Written by Joel & Ethan Coen
Directed by George Clooney
It’s 1959 in the city of Suburbicon, USA, and the first black family has moved in. This event is causing quite the stir, and the “well-meaning” people of the town just don’t that black people are ready to live in their neighborhood yet. When The Mayers don’t seem to get the message the citizenry begin to escalate matters. Meanwhile, the next block over Nicky Lodge’s life is turned upside down when two strange men barge into the house in the middle of the night. They end up killing Nicky’s mother leaving his father, Gardner, a widow. Thankfully, Nicky’s aunt and his late mother’s sister Margaret is there to help.
Suburbicon is a disappointing mess. I wish I could say this film was witty and insightful, but it just ends up being a muddled disaster. The entire movie you feel like the filmmakers are trying to say something, but what they trying to say and what they are saying it about it completely indecipherable. The plot about the town’s racism towards the Mayers barely touches on the murder mystery threads going on in the Lodge household. There don’t appear to be any thematic parallels or any plot connections. Within the Lodge story, the tone is entirely uneven, sometimes feeling like a wry Coen Brothers venture and then other times delving into a dark, macabre crime picture.
What’s even worse is the black family aren’t what I would consider characters. We spend barely any time with them that isn’t a scene where a racist person is harassing them there is no way we can know anything about who they are. By attempting to tell a story about the horrors of racism and segregation in this time period we end up with one-dimensional black props.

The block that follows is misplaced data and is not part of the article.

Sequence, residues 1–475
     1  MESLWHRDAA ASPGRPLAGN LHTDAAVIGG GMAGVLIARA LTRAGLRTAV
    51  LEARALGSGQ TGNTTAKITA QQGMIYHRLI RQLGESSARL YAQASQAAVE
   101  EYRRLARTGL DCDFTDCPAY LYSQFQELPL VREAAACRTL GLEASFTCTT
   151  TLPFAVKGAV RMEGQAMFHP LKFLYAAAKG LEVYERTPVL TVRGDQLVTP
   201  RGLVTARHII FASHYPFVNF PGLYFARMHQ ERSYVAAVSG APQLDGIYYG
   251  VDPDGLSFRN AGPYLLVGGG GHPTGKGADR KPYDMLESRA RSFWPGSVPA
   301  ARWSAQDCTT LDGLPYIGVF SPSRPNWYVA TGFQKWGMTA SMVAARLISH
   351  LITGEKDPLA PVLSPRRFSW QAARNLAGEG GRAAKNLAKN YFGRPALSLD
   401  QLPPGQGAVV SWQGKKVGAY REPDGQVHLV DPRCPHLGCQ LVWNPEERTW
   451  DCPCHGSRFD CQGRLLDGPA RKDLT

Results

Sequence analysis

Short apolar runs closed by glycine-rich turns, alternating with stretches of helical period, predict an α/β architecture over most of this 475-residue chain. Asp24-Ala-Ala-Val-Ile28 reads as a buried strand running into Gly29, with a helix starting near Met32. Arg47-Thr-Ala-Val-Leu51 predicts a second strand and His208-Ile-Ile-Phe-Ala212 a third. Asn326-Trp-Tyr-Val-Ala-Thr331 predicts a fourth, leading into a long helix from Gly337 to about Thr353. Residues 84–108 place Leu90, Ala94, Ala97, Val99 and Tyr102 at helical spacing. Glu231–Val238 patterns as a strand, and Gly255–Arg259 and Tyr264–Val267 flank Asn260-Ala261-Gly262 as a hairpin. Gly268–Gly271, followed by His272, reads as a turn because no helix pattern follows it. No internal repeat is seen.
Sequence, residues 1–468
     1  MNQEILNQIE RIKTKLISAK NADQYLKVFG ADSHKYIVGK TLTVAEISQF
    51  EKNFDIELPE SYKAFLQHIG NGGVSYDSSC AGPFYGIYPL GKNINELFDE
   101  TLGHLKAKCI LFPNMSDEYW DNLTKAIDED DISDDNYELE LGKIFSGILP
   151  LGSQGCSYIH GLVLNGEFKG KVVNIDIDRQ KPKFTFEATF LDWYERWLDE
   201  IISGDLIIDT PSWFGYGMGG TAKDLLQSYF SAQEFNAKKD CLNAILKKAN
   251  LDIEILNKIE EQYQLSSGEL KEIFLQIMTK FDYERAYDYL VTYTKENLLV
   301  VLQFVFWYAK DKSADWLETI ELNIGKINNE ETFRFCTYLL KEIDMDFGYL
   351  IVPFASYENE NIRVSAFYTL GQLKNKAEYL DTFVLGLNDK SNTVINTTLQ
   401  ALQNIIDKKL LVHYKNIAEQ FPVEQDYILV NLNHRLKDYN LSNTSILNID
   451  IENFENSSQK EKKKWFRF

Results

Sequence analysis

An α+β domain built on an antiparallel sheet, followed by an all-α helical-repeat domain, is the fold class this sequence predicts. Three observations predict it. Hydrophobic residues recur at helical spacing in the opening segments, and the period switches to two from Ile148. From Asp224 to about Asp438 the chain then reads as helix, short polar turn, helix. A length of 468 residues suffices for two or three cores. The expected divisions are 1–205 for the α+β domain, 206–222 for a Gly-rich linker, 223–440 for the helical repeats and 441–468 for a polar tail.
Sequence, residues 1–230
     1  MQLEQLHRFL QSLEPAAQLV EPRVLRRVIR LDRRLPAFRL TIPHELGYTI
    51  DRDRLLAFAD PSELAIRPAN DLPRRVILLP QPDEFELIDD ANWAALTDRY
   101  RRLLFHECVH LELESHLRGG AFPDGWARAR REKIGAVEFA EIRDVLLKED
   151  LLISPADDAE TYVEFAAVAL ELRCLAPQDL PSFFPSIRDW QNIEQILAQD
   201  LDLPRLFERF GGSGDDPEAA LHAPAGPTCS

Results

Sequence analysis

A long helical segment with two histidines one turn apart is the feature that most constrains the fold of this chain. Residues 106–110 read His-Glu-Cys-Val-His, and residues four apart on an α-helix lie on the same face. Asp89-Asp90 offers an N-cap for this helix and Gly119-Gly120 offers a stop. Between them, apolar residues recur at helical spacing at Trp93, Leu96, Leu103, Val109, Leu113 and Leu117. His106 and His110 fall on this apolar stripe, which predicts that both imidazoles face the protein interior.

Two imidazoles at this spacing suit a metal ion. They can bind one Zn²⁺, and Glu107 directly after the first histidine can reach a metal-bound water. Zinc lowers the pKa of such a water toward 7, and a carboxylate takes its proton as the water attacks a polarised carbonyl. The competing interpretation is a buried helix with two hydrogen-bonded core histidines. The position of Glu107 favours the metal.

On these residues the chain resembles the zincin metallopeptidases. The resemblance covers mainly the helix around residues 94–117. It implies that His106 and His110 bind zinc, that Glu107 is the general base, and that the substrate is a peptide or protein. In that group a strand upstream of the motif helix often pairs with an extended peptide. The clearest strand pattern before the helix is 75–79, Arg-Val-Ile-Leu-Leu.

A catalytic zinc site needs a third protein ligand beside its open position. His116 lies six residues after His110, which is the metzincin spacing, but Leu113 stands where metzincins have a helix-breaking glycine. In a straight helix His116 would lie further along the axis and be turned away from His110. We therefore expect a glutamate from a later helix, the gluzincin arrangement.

When you reach the end of Suburbicon, you almost want to perform an inquest, attempting to determine the cause of death for this picture. The talent is there. A script by the Coens. George Clooney in the director’s chair isn’t always a bad thing, I mean I really liked Confessions of a Dangerous Mind. In the lead roles, we have Matt Damon and Julianne Moore, not slouches. In Clooney’s bid to mimic the Coens, he casts wonderfully interesting supporting actors. But it is the plot and tone where everything falls apart.
The murder of Nicky’s mother occurs early in the film, even before we have seen or gotten to know Gardner. There is one scene between Margaret and her sister Rose before Rose is offed. So when this horrific scene occurs, the audience doesn’t really know anything about who is in peril. We don’t need to know why, that ends up being part of the mystery, but I feel like if there were a sense of who this was happening to the horror of the events would be better amplified.
I also caught on to the truth behind the home invasion scene pretty early on, but thought “Nah, it can’t be that obvious.” By the time the insurance claims investigator, played by Oscar Isaac shows up on the scene, it was pretty much confirmed that the apparent explanation was exactly what was going on. No exciting twist on expectations, just straightforward. But the film presents this as a big ah-ha! moment, as if they have surprised the viewer. The only light in this entire mess was the scene between Isaac and Moore, the single bit of fun exciting acting in the whole affair.
It is pretty apparent why the Coens chose not to direct this feature themselves, even they must have known the script was well below their standards. But it is mind-boggling that George Clooney could have looked at this and thought he could do better. We have to believe that at some point in production, Clooney knew this was going to end up a total mess and just kept soldiering on. A disappointing entry from some very talented people.